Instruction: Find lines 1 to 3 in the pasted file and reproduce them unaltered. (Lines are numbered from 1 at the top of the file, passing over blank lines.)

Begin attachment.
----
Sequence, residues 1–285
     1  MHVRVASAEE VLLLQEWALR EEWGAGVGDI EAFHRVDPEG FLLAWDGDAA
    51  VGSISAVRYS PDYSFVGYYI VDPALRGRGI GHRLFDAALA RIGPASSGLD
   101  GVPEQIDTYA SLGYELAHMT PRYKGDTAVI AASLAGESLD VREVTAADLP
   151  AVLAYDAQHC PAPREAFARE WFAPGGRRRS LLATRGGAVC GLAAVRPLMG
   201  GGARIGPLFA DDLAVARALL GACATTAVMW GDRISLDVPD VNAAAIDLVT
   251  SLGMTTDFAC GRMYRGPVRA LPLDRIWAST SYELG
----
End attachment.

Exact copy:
Sequence, residues 1–285
     1  MHVRVASAEE VLLLQEWALR EEWGAGVGDI EAFHRVDPEG FLLAWDGDAA
    51  VGSISAVRYS PDYSFVGYYI VDPALRGRGI GHRLFDAALA RIGPASSGLD